This book is published by Little Golden Book in the early '90s, this book explores the benefits of eating vegetables and gardening with a young female character. Again, this is a book whose content is actually just fine, but whose title is oh so ill-advised. For those that don't know, and for the young kids watching, earmuffs, tossing the salad is a term for, well, it's a sexual act that involves the butt. 

This is an excellent example of why every author should be aware of popular slang and not just proper English. This title suggests something really bad that I'm just not gonna get into, especially considering the character in the book.

21. You Can't Be an Astronaut, It's Just Not Realistic 

Nothing like a book that encourages our kids to be their best! Written by Joseph Smets, this book is a 26-page story that documents a boy who meets astronauts and shares his dream of having a career in the future. Except that they point blank tell him not to bother. 

They go even further by telling the boy of the complicated prerequisites and the difficult trigonometry involved. When the boy then asks if he could be an astrologist instead, they tell him astrology is a joke of a career. Something tells me author Joey had a little bit of a rough childhood.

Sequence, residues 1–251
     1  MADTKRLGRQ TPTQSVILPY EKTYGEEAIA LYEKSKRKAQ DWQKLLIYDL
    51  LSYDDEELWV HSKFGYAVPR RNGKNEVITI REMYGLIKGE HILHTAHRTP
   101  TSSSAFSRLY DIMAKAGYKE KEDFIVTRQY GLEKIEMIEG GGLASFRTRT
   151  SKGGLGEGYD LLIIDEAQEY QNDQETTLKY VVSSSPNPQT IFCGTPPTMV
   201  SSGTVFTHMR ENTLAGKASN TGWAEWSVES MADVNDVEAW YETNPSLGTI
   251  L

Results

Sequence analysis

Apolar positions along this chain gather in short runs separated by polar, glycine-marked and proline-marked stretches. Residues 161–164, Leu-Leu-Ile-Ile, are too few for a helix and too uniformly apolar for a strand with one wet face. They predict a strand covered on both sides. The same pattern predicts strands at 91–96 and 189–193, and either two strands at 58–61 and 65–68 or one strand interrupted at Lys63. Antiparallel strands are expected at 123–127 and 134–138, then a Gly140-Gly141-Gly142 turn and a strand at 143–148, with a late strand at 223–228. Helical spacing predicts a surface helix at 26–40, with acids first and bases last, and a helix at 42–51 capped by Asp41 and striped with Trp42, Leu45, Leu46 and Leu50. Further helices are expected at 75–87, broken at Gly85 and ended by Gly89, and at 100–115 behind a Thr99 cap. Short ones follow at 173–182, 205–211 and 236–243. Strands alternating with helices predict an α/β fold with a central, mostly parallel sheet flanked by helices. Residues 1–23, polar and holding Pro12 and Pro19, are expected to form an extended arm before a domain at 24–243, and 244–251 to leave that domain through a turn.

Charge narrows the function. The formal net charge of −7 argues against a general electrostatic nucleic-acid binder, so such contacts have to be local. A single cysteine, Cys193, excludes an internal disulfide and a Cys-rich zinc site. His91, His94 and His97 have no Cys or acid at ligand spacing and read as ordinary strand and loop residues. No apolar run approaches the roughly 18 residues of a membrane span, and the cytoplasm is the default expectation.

22. Henry’s Special Coal 

Just once a simple question about this. What the hell is “special coal?” And why does Thomas look like he may have already taken some? Well, in its native UK, there is an episode of the Thomas the Tank Engine TV series called “Henry’s Happy Coal.” That probably narrows it down. 

23. Melanie’s Marvelous Measles 


Melanie's Marvelous Measles by Stephanie Messenger 
This is a book glorifying how great it is to have measles. It’s about a girl who comes down with measles and LIKES it. This book isn’t just saying that vaccine isn’t worth the risk, it’s saying that it’s actually BETTER to get measles… than to NOT get measles. Just so we’re clear, measles is a potentially fatal disease that causes a high fever, severe cough, diarrhea, and occasionally, permanent brain damage.

Conclusion of the most inappropriate children's books ever

Now you're just a little bit smarter and more horrified. Okay then, tell us which of these you’re going to pick up and read to the nearest kid you can find.